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*To*: dinosaur@usc.edu*Subject*: Re: Dakotadon (non-hadrosauriform) revised*From*: David Černý <david.cerny1@gmail.com>*Date*: Fri, 29 May 2015 21:45:09 -0700*In-reply-to*: <CAMR9O1J8mua76pN51ddHb7_P_aFuZyGTGpPXJOKkyP--aX94tA@mail.gmail.com>*References*: <CAMR9O1J8mua76pN51ddHb7_P_aFuZyGTGpPXJOKkyP--aX94tA@mail.gmail.com>*Reply-to*: david.cerny1@gmail.com*Sender*: owner-DINOSAUR@usc.edu

> The systematic relationships of Dakotadon lakotaensis are evaluated > using both the parsimony and posterior probability optimality criteria One minor quibble: it's incorrect to imply that Bayesian inference employs posterior probability as an optimality criterion. Unlike parsimony and maximum likelihood, which search the tree space for the best estimate (with no guarantee that they will be able to find it), the Metropolis-Hastings algorithm draws samples from the joint parameter distribution in proportion to their posterior probability. If the chain converges to the target distribution, the frequency of a particular parameter value (e.g., tree topology) within the collected sample will correspond to its posterior probability, integrated over all the possible values of every other parameter. Importantly, the sample doesn't have to contain the best estimate (i.e., the global maximum of the posterior probability density function) in order for this property to hold. There's in fact no reason at all to expect that the chain will sample the highest probability tree -- that's not what it's meant to do. Bayesian analysis yields a lot of good trees, but not (necessarily) the "best" one(s). Using the phrase "posterior probability optimality criterion" to describe a MrBayes analysis can even be outright misleading (in addition to being inaccurate), because there is a recently developed method which actually fits that description, unlike the MCMC samplers implemented in MrBayes or BEAST: Wheeler's (2013) MAP-A. There was also some debate about how to properly summarize the posterior sample of topologies from an MCMC run, with Wheeler & Pickett (2008) criticizing the widespread practice of using the majority-rule consensus. They wrote that "[a]s an optimality criterion to choose among candidate topologies, posterior probability is a fine option, but current use [i.e., using consensus trees] does not follow this path". Instead, they advocated picking the topology with the highest marginal posterior probability as a summary. The term "posterior probability optimality criterion" suggests that Boyd and Pagnac followed Wheeler and Pickett's proposal, but the text of their paper makes it clear that they used the standard consensus approach (which is great -- Wheeler and Pickett's arguments were highly flawed, as shown by Sukumaran & Linkem (2008)). Anyway, it's great that Bayesian analyses of Mesozoic dinosaurs are becoming more and more common; the method definitely has a lot of potential. *Refs:* Sukumaran J, Linkem CW 2008 Choice of topology estimators in Bayesian phylogenetic analysis. Mol Biol Evol 26(1): 1-3 Wheeler WC 2013 Maximum a posteriori probability assignment (MAP-A): an optimality criterion for phylogenetic trees via weighting and dynamic programming. Cladistics 30(3): 282-90 Wheeler WC, Pickett KM 2008 Topology-Bayes versus clade-Bayes in phylogenetic analysis. Mol Biol Evol 25(2): 447-53 -- David Černý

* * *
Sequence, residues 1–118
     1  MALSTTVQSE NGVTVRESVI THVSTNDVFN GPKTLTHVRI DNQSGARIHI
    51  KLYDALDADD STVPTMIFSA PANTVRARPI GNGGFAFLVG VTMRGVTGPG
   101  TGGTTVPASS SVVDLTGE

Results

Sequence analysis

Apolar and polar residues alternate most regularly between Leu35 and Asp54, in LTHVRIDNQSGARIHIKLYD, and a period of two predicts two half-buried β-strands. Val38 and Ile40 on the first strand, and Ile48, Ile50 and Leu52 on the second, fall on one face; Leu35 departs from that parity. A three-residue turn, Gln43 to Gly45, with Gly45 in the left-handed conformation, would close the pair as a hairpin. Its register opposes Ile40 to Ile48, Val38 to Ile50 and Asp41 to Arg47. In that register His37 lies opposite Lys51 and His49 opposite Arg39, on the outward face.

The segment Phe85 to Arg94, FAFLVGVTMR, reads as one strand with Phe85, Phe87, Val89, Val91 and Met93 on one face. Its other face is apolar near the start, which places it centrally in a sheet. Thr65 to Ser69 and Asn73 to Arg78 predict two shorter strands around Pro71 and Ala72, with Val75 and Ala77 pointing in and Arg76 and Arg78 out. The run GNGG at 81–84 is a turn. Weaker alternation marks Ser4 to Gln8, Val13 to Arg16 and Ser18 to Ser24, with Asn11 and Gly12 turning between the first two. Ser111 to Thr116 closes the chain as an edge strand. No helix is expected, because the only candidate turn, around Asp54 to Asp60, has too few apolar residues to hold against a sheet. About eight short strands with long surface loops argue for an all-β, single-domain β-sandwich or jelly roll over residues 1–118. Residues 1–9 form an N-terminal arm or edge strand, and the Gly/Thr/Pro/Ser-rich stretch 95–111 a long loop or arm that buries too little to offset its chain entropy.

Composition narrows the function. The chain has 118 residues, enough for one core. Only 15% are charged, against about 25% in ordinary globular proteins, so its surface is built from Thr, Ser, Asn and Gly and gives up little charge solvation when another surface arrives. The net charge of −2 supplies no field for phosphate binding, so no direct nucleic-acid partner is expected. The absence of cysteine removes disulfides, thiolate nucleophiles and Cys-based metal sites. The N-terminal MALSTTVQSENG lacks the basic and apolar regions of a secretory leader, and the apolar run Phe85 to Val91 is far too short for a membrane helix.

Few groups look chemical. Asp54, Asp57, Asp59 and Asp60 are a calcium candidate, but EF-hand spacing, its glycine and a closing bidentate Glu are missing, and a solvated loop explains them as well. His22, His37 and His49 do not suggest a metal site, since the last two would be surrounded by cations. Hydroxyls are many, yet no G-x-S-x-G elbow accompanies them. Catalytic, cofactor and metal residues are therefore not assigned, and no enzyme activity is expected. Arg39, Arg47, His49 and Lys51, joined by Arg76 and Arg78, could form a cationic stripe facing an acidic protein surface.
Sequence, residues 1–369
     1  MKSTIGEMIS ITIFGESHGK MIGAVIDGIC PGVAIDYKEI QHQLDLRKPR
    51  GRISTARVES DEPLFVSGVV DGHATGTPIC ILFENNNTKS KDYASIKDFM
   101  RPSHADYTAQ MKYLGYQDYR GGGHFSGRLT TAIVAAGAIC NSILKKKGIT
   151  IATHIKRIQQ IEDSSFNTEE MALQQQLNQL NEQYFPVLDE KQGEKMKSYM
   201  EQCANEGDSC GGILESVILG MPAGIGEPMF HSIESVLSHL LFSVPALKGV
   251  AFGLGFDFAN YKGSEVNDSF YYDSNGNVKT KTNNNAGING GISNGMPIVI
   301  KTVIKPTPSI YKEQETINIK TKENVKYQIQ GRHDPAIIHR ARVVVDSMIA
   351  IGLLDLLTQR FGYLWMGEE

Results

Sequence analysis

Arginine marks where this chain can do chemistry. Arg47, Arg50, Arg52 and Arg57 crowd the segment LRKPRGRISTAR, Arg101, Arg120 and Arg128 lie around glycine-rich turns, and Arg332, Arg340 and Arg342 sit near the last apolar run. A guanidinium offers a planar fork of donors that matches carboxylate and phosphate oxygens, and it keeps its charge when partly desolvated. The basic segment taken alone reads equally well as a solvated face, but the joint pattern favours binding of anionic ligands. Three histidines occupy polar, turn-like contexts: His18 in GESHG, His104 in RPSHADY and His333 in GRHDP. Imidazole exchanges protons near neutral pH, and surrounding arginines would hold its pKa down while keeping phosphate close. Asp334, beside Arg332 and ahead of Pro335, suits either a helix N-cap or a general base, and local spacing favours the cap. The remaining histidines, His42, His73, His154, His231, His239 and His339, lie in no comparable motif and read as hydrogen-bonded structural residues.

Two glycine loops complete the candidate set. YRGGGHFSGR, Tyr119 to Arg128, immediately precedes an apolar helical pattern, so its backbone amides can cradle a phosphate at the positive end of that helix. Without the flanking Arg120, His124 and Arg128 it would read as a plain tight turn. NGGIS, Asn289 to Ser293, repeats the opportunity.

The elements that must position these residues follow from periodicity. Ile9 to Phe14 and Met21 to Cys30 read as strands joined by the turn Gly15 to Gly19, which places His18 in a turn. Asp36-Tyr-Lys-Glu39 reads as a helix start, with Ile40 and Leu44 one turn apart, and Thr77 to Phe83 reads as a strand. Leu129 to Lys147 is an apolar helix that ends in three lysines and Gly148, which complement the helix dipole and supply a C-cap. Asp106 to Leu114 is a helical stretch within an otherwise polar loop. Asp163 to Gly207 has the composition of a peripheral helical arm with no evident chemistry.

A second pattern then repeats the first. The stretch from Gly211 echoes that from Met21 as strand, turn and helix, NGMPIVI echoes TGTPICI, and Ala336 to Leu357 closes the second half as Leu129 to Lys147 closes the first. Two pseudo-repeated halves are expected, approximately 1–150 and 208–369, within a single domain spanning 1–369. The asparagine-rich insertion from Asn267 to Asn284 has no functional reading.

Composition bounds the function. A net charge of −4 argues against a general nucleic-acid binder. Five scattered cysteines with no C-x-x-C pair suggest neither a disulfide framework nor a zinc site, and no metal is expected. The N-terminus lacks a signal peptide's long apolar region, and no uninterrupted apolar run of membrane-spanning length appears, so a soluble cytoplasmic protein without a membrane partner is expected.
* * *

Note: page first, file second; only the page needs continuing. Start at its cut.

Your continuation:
**References**:**Dakotadon (non-hadrosauriform) revised***From:*Ben Creisler <bcreisler@gmail.com>

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